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J Bacteriol. 1999 Nov;181(22):6865-75.

Thickness and elasticity of gram-negative murein sacculi measured by atomic force microscopy.

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  • 1Department of Physics, Dalhousie University, Halifax, Nova Scotia, Canada B3H 4J1.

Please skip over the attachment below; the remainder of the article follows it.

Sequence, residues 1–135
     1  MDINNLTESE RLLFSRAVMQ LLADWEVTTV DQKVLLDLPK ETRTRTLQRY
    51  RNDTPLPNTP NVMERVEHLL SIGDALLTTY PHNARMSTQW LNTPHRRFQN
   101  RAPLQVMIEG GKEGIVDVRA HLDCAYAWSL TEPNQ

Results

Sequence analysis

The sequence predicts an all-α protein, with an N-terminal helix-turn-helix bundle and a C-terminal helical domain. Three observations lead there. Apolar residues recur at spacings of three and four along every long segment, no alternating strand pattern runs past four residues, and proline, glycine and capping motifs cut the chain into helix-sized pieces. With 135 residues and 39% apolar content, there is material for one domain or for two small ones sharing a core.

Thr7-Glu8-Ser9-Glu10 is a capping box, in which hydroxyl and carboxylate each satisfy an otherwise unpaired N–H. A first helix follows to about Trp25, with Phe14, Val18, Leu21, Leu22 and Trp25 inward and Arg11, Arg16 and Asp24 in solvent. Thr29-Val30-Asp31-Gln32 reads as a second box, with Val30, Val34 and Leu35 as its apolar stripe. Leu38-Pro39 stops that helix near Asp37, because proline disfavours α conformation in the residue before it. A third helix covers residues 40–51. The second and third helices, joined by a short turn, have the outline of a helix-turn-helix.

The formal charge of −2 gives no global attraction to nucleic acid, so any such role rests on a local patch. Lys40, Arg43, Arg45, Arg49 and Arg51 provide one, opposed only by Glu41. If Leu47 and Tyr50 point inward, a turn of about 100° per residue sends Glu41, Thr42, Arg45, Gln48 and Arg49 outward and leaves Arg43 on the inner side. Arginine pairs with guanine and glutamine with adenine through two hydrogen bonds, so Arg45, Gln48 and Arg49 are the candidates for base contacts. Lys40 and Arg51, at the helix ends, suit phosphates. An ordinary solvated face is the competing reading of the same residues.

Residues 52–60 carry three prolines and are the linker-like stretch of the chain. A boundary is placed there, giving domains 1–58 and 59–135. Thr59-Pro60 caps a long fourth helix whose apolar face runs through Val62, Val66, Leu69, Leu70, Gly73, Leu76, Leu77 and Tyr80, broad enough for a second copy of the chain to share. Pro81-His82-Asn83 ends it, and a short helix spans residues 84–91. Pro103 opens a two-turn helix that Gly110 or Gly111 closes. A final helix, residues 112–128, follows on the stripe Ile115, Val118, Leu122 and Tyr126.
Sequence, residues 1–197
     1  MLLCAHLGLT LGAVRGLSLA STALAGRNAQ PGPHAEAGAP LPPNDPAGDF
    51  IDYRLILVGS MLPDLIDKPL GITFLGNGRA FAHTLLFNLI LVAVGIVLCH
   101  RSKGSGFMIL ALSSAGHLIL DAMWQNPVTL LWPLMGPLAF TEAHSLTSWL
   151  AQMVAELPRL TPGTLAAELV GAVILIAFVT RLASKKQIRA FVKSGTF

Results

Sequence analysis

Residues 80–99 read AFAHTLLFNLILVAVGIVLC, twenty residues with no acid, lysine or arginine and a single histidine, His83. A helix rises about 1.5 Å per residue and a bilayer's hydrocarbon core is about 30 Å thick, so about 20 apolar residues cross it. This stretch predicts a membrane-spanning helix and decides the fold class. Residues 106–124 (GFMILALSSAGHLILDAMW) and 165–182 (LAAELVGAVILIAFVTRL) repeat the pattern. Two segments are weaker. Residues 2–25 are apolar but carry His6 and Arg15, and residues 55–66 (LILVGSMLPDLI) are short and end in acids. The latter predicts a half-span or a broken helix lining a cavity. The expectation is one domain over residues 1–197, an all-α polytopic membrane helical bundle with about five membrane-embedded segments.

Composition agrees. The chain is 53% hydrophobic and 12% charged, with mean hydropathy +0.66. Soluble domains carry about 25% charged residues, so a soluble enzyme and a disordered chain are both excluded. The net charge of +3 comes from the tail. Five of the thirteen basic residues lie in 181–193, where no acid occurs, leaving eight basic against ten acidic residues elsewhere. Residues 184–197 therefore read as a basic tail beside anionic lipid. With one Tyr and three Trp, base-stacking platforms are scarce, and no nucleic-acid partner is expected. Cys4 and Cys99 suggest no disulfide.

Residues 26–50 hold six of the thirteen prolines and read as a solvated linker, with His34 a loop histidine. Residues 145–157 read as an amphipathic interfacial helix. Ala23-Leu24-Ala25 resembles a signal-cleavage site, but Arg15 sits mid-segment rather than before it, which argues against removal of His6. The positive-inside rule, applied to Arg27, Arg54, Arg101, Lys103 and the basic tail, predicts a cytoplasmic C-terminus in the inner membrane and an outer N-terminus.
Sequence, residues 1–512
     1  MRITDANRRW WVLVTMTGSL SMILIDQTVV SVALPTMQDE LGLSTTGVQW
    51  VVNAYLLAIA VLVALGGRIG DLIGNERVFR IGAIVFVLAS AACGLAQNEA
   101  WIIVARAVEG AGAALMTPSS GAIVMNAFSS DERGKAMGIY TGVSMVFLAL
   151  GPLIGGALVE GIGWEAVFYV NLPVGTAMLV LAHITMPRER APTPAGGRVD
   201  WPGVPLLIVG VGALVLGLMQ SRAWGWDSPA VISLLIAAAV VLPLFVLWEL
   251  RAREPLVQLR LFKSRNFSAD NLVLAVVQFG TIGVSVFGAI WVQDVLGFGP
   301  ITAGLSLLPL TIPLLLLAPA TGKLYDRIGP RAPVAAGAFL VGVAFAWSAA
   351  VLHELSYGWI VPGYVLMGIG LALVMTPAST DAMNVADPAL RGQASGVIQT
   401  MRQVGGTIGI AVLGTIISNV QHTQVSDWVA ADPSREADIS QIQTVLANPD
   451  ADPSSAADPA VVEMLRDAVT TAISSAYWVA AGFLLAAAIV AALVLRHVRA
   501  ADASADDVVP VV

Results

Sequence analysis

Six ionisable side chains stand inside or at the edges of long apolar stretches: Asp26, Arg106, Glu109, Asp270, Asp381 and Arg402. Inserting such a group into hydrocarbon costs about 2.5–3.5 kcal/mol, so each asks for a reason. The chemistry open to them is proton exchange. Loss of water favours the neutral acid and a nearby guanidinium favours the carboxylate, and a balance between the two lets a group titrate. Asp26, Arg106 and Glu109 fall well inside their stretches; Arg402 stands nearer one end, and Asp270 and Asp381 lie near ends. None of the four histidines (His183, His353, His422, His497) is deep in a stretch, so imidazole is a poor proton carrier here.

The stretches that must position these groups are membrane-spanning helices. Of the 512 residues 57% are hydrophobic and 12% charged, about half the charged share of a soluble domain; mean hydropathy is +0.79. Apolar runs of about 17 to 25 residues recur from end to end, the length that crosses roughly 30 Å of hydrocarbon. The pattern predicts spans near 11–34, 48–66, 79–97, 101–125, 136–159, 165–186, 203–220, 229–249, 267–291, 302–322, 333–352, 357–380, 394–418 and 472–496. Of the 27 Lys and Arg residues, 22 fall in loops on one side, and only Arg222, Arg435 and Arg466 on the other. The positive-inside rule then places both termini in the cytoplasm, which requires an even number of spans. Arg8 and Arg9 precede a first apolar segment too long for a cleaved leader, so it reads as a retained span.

Atomic force microscopy was used to measure the thickness of air-dried, collapsed murein sacculi from Escherichia coli K-12 and Pseudomonas aeruginosa PAO1. Air-dried sacculi from E. coli had a thickness of 3.0 nm, whereas those from P. aeruginosa were 1.5 nm thick. When rehydrated, the sacculi of both bacteria swelled to double their anhydrous thickness. Computer simulation of a section of a model single-layer peptidoglycan network in an aqueous solution with a Debye shielding length of 0.3 nm gave a mass distribution full width at half height of 2.4 nm, in essential agreement with these results. When E. coli sacculi were suspended over a narrow groove that had been etched into a silicon surface and the tip of the atomic force microscope used to depress and stretch the peptidoglycan, an elastic modulus of 2.5 x 10(7) N/m(2) was determined for hydrated sacculi; they were perfectly elastic, springing back to their original position when the tip was removed. Dried sacculi were more rigid with a modulus of 3 x 10(8) to 4 x 10(8) N/m(2) and at times could be broken by the atomic force microscope tip. Sacculi aligned over the groove with their long axis at right angles to the channel axis were more deformable than those with their long axis parallel to the groove axis, as would be expected if the peptidoglycan strands in the sacculus were oriented at right angles to the long cell axis of this gram-negative rod. Polar caps were not found to be more rigid structures but collapsed to the same thickness as the cylindrical portions of the sacculi. The elasticity of intact E. coli sacculi is such that, if the peptidoglycan strands are aligned in unison, the interstrand spacing should increase by 12% with every 1 atm increase in (turgor) pressure. Assuming an unstressed hydrated interstrand spacing of 1.3 nm (R. E. Burge, A. G. Fowler, and D. A. Reaveley, J. Mol. Biol. 117:927-953, 1977) and an internal turgor pressure of 3 to 5 atm (or 304 to 507 kPa) (A. L. Koch, Adv. Microbial Physiol. 24:301-366, 1983), the natural interstrand spacing in cells would be 1.6 to 2.0 nm. Clearly, if large macromolecules of a diameter greater than these spacings are secreted through this layer, the local ordering of the peptidoglycan must somehow be disrupted.

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